Market Snapshot: Refined Petroleum Products Imports Rose by 5% in 2022

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Release date: 2023-08-30

Canada’s refined petroleum products (RPPs)Definition* imports rose by 5% in 2022 to 478,000 barrels per day (b/d), as demand for RPPs increased but did not reach pre-pandemic levels.Footnote 1 This increased demand was due to growing oil sands production requiring more condensateDefinition* and general economic recovery requiring more transportation fuels than in 2021.

Since 2010, Canada’s imports of refined products such as gasoline, diesel, heating oil, condensate, and jet fuel have roughly tripled. The total cost of all imported RPPs was $26.1 billion in 2022, 55% more than the $16.8 billion in 2021. This increase is because of the higher volumes of RPPs imported at higher global RPP prices in 2022 compared to 2021. The price of RPPs tends to relate closely to crude oil prices, as RPPs are made from crude oil.

Figure 1: Annual Canadian refined petroleum product imports

Source and Description

Source: Canadian International Merchandise Trade database (CIMT) – HS 2710

Description: The top chart displays the amount of refined petroleum products (in barrels per day) Canada imported from various countries from 2010 to 2022. The bottom chart displays the proportion (as a % of total imports) of refined products imported from various countries.

Alberta receives about half of Canada’s imported RPP volumes, at 234,000 b/d in 2022. This is primarily condensate, which is imported from the U.S. along two CER-regulated pipelines, Southern Lights and Cochin. The condensate is used for blending with bitumenDefinition* extracted from the oil sands projects to allow it to flow through pipelines.

Quebec is the next-largest importer of RPPs, making up 110,000 b/d or 23% of total Canadian RPP imports, followed by Ontario at 49,000 b/d or 10%. The majority of Canadians live in these two provinces and therefore have some of the highest demand for RPPs. Most of the RPPs imported into these provinces are transportation fuels such as gasoline, jet fuel, and diesel.

While Canada’s refineries produce more RPPs than Canadians consume, RPPs are still imported into the country because some parts of Canada do not produce enough RPPs to supply local needs. These areas are often not well-connected by transportation infrastructure to parts of Canada that have excess RPPs to spare. Provinces that are not as well-connected to pipelines but have tidewater access, such as Quebec and Newfoundland and Labrador, tend to import a larger portion of RPPs from other countries besides the U.S., including European countries. Ultimately, each RPP distributor or reseller makes the decision of where to source its RPPs based on several factors, including the specifications of the product, product pricing, availability of local supply, cost of transportation, and other logistical considerations.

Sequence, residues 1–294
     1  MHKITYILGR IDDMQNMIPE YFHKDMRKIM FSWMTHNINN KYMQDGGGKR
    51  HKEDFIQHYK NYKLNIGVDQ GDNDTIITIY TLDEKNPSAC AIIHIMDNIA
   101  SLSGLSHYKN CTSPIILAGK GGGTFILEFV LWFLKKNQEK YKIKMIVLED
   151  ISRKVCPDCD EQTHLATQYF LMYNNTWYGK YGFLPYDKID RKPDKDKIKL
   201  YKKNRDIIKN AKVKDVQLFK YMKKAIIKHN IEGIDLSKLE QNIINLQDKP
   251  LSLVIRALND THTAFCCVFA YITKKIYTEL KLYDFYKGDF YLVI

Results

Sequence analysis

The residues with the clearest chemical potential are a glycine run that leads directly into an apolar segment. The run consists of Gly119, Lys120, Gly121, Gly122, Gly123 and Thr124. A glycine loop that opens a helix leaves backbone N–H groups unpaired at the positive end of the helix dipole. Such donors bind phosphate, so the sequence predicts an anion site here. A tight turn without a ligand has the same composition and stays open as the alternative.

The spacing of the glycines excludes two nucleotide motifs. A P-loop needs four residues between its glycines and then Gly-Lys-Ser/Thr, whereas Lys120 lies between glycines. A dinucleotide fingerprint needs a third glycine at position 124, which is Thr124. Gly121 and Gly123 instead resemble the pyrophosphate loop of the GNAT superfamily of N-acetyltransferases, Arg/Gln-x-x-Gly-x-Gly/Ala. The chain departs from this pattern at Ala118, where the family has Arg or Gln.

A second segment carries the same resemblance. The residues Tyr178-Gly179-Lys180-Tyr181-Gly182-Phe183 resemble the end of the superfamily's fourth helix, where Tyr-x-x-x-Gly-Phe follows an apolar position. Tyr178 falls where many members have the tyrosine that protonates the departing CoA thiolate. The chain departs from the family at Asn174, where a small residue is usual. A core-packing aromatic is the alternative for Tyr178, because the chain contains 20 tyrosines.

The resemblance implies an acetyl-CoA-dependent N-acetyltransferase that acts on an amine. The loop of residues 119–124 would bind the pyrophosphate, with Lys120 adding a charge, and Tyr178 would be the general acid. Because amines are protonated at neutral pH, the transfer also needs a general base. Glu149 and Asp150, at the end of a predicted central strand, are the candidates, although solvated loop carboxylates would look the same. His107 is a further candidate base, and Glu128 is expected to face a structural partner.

Figure 2: Annual refined petroleum product imports by province

Source and Description

Source: Canadian International Merchandise Trade database (CIMT) – HS 2710

Description: The chart shows the amount of refined products (in barrels per day) that Alberta, Quebec, Ontario, British Columbia, and Nova Scotia import.

Where do Canada’s imported RPPs come from?

The vast majority of Canada’s imported RPPs come from the U.S. In 2022, 381,000 b/d or 80% of imported RPPs came from the U.S., a 10% increase over volumes imported in 2021. The Netherlands remained the second-largest supplier of imported RPPs to Canada for the past decade, providing 42,000 b/d or 9% of the total imports in 2022. The remainder comes from several countries, such as the United Kingdom, Belgium, and India. In 2022, the Russian Federation supplied 1,000 b/d or 0.2% of Canada’s total RPP imports. RPP imports from Russia occurred during the first quarter of 2022, before Canada placed sanctions on RPP imports from Russia.Footnote 2 Over the past decade, RPPs imported from Russia have made up between 0% to 2% of total imported RPPs.

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